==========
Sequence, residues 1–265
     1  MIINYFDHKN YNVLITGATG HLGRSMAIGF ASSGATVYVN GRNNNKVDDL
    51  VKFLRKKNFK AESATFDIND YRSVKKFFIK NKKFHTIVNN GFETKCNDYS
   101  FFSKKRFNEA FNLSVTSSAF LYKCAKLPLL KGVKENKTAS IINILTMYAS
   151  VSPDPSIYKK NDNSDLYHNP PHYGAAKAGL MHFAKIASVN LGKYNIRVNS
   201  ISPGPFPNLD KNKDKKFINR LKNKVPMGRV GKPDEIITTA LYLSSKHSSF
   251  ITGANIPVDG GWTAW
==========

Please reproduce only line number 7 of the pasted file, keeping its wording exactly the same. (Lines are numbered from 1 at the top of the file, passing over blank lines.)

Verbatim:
   251  ITGANIPVDG GWTAW